The dining room table would be dressed for the holidays and decked out with the good china and silver, water and wine glasses, and Christmas napkins. Candles burned bright. Christmas music filled the air.
Mom always made lasagna for Christmas dinner. That was a tradition I continue today, much to my children’s delight. A huge pot of homemade spaghetti sauce would bubble on the stovetop by late morning. Mom not only made the best lasagna – I’ve never found any better at any restaurant – she made wonderful meatballs. We’d have Italian sausage – both sweet and spicy. Garlic bread. Salad. Wine (that Dad rarely drank). Ice tea – we lived in South Carolina after all – and lemonade. Ambrosia was often a popular 1st course. Occasionally Carole would talk Mom into making an antipasto plate. Mmmm…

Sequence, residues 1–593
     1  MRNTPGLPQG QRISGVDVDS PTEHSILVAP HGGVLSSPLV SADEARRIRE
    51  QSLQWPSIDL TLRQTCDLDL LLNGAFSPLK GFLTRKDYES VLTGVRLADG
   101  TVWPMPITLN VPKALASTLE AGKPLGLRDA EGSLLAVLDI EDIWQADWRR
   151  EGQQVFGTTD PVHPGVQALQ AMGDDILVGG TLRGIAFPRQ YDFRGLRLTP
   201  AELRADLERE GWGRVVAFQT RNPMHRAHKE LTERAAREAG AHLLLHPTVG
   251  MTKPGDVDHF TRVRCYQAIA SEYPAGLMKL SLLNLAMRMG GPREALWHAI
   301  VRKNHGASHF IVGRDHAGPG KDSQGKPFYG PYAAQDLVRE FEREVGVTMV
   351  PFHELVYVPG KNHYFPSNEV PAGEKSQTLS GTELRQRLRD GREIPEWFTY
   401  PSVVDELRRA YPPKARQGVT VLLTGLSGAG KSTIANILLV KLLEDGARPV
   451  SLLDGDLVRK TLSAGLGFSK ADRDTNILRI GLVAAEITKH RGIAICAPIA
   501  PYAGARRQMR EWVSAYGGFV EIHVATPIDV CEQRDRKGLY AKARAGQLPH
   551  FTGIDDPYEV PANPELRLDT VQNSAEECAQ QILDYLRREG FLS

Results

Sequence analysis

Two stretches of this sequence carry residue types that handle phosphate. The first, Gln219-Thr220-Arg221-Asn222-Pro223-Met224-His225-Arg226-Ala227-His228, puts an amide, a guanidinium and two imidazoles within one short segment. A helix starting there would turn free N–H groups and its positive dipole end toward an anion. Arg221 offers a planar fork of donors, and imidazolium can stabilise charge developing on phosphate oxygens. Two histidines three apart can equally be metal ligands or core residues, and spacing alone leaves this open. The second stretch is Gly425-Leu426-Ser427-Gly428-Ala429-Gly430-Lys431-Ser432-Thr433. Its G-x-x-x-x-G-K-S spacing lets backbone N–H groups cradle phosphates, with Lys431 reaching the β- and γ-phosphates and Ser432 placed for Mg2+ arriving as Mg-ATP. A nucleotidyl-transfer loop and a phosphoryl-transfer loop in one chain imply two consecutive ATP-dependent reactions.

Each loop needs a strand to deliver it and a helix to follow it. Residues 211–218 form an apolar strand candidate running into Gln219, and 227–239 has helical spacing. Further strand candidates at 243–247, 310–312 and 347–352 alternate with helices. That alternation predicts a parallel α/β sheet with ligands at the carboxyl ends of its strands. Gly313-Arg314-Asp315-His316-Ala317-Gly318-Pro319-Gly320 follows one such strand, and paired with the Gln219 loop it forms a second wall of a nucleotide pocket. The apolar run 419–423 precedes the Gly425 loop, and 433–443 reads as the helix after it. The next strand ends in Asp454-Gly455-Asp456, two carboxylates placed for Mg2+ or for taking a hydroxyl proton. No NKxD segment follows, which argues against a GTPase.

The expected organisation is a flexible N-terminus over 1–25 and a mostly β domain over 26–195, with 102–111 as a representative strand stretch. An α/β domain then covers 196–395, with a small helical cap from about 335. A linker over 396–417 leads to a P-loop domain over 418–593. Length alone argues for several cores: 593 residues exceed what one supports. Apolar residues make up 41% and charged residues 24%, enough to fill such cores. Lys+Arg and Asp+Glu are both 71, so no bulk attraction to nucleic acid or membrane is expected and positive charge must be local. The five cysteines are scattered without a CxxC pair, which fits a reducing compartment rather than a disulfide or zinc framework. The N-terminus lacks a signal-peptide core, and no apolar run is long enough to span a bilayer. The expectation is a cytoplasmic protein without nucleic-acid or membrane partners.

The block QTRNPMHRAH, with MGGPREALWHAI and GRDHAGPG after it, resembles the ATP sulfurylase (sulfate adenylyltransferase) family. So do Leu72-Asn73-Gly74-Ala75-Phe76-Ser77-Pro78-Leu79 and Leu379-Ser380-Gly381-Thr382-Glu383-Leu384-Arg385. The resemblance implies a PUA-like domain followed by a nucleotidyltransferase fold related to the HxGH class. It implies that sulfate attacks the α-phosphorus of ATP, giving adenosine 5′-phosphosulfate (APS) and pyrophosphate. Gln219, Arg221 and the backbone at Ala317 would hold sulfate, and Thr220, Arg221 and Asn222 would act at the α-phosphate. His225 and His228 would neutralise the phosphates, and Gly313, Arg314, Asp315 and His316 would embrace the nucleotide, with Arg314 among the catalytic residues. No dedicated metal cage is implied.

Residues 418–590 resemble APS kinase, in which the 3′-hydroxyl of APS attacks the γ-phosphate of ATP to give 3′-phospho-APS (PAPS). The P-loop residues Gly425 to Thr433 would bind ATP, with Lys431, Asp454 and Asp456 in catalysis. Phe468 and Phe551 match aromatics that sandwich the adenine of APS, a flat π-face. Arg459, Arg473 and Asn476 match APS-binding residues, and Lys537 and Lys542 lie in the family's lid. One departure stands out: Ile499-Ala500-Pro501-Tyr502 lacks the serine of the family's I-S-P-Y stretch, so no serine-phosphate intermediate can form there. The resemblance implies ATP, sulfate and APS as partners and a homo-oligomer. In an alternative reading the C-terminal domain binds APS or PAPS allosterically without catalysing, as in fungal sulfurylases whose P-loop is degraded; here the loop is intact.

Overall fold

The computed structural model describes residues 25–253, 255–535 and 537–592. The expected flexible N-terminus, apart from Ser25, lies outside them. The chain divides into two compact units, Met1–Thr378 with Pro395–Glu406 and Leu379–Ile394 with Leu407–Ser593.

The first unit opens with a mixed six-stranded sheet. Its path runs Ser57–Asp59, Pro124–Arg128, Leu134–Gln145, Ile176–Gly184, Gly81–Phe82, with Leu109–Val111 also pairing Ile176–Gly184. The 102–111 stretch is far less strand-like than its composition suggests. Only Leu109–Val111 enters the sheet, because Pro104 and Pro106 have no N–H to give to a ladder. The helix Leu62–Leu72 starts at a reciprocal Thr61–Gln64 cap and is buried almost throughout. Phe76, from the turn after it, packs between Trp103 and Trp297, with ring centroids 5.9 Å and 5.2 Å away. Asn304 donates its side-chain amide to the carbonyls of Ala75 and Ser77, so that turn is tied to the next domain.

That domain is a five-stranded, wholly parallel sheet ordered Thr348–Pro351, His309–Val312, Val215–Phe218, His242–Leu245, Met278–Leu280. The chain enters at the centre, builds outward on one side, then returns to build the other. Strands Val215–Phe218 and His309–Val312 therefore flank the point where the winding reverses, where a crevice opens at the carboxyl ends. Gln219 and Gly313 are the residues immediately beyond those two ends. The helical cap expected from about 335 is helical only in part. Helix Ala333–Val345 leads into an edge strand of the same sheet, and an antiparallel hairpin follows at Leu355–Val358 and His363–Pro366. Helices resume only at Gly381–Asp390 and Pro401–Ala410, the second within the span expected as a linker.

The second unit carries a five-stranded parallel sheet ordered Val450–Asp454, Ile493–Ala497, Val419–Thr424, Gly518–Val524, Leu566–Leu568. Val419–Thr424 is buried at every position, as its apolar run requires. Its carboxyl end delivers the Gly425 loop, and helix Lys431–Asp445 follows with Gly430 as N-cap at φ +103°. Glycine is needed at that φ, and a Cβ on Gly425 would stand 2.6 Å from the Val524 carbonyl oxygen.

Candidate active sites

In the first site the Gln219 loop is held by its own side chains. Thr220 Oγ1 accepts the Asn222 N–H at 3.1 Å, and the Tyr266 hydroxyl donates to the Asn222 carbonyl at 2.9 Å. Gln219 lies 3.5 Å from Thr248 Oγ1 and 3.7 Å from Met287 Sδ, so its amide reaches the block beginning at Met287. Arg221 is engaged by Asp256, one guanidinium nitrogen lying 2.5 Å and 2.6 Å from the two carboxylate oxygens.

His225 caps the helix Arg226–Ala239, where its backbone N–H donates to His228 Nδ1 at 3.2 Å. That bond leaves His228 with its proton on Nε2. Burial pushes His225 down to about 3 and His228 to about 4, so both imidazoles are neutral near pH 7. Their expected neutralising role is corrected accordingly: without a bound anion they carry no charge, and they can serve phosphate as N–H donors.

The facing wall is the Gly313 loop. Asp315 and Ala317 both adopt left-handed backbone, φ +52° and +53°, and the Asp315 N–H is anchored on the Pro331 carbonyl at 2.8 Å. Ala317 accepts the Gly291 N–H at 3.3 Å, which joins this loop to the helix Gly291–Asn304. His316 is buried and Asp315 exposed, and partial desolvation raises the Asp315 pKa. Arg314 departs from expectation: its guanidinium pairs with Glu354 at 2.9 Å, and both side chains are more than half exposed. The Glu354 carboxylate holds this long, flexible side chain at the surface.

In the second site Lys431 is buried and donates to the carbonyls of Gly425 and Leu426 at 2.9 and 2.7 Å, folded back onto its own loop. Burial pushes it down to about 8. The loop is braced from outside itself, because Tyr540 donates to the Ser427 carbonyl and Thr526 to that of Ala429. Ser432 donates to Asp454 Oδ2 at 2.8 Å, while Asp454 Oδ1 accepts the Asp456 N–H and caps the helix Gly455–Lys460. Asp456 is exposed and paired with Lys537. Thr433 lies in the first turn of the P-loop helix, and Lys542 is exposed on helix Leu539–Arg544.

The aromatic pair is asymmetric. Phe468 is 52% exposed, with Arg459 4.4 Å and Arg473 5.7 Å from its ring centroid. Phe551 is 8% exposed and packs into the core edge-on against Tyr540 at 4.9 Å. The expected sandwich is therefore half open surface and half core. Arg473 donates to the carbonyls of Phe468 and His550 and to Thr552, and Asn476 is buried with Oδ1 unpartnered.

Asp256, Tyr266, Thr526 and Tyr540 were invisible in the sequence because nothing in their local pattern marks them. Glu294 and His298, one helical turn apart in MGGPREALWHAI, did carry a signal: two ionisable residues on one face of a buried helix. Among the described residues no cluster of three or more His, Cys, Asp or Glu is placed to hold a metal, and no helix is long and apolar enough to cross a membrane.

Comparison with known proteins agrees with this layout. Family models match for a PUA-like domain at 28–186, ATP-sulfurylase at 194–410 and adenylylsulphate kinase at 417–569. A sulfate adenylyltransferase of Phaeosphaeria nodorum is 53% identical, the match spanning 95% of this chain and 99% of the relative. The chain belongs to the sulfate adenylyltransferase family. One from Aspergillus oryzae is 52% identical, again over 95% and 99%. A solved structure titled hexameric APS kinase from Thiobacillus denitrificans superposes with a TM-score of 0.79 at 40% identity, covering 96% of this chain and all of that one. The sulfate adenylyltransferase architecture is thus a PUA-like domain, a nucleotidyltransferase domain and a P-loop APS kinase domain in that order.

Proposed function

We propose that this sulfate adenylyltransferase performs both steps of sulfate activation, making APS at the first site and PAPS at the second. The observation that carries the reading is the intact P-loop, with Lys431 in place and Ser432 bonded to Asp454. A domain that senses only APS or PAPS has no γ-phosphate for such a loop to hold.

I also recall the year a frigid arctic blast hit Spartanburg on Christmas Eve. We lost power and it was mighty cold. The guy from the power company was outside and restored our heat and lights just before midnight. I’m sure Mom sent him home with some of her homemade fudge. She always gave fudge as gifts to neighbors, the mailman, the milkman (when we had that service), her hairdresser, and many others. The priests and sisters at St. Paul’s were treated to fudge and pans of lasagna.